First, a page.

A blindingly obvious choice for anyone that has 1. raised a child, 2. taught kindergarten, or 3. seen how fast a hare actually moves. Do I commit to tend a slow reptile that drinks/eats every other day, makes a sloth look hasty, and needs cleanup every three days? Or do I take the (admittedly geriatric) highly strung bunny, that needs daily feeding and watering, clean bedding, cuddling, treats like fresh carrots and rutabagas, and probably a big pink bow as well?
We have the tortoise. A shock to all, I realize. Some members of the family were expecting a small, hand sized creature, harking back to pet turtles of yore that never quite managed survival and attainment of greater girth. We tend what can be termed a largish dinner plate with chubby, clawed legs. Weight watchers may not be out of the question, for the blasted thing might weigh twenty five pounds.
Such an alarming pet, for such a slow and gentle beast. We must wash our hands after every contact, even the most casual. Salmonella is a bit catching, says our local tortoise whisperer. Now conversations around the house are likely to be punctuated with “and wash your hands! With soap! For more than seven seconds!!” Mealtimes are even less pleasant, more like interrogations. “Did you wash your hands?! Let me see! If you’re not telling the truth, you could get very, very sick” and etc.
[Change of topic, because I feel constrained to mention: I planted my containers last weekend, and risk the wrath of Nature/Murphy’s Law/certain Alaskan garden experts by planting out early. We shall see who has the last laugh. For all the pesos I spent on annuals this year, I sure hope it’s me. Back to compelling tortoise narrative.]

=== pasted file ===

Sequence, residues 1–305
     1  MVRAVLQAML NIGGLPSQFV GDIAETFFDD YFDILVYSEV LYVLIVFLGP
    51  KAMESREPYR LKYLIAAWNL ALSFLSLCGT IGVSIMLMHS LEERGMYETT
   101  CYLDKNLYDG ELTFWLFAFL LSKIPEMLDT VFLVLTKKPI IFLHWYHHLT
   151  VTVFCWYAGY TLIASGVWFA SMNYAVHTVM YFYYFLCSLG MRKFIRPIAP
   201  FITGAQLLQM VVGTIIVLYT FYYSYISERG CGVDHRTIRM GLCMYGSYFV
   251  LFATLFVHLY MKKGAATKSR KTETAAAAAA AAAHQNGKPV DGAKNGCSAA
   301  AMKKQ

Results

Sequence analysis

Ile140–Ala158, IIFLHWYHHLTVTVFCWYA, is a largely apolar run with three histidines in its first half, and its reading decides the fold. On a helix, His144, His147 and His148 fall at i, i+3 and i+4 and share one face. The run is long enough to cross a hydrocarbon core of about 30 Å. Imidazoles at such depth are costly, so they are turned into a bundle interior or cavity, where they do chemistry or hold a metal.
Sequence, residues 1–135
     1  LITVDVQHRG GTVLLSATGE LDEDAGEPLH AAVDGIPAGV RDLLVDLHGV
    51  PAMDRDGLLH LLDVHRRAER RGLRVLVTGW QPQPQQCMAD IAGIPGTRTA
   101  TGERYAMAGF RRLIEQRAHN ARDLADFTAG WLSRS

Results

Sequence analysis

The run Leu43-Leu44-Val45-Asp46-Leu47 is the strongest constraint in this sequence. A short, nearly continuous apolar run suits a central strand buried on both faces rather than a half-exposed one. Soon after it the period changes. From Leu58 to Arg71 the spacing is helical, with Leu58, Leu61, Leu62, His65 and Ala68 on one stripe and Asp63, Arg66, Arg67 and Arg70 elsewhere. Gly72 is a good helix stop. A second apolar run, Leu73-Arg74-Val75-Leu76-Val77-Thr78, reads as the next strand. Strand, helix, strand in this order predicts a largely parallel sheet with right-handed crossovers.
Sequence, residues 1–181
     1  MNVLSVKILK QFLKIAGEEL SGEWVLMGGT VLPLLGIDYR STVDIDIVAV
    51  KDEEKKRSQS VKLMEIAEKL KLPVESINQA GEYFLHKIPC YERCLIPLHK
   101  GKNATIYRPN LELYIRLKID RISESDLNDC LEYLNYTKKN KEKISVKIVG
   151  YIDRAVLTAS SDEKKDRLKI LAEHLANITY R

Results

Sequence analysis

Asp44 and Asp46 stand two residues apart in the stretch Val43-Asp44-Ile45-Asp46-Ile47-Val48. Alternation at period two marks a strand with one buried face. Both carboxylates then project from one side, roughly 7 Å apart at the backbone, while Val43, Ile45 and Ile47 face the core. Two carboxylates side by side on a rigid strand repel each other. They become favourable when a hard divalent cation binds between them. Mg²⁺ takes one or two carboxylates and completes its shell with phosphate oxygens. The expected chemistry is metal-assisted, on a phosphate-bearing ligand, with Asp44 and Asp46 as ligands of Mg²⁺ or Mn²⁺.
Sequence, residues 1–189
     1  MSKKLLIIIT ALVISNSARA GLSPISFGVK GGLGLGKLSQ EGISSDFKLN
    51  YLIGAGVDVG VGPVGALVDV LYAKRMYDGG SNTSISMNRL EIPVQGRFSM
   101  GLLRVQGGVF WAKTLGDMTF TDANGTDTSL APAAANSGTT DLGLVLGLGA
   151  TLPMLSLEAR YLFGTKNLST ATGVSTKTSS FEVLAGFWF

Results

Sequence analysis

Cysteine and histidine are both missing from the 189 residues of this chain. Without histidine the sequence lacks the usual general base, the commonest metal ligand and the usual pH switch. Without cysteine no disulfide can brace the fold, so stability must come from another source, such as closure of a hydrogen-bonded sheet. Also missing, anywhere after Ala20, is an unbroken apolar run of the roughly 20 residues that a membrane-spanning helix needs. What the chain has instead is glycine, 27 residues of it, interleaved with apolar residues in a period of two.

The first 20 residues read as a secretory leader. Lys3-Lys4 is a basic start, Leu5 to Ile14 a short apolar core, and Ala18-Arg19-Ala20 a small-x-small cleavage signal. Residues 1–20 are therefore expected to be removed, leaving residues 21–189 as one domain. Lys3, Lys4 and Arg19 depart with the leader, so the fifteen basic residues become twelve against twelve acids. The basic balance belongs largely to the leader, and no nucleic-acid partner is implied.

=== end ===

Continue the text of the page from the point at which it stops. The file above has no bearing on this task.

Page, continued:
A dog wandered into the front yard on Saturday, and it was as if the Russian army had been discovered swarming the coast (I can see Russia from my place, you know….). The five alarm klaxon went off. Adults were hollered at to protect the tortoise, who, blithely ignorant of his impending doom, was roaming the yard at the speed of molasses. Fortunately, the aged, drooling Labrador was driven off and “Tort” was spared.
Our “rent-a-pet”, for lack of a better word, is summering with us. For his day job during the school year, he spends time amongst children aged 3-5 years old, gadding about the preschool room, avoiding craft projects involving paint or hole punches. I came to a realization last week, at approximately the same time I was loading Tort’s coffee table-sized habitat into the truck. I am one of those sucker parents, that takes the class pet because no one else volunteers for it. I felt sorry for a tortoise. At least the class pet wasn’t a wolverine, a rhinoceros, or a blue whale. I suppose I’ll be president of the PTA next….
Any strange pets? Been subjected to a guilt trip?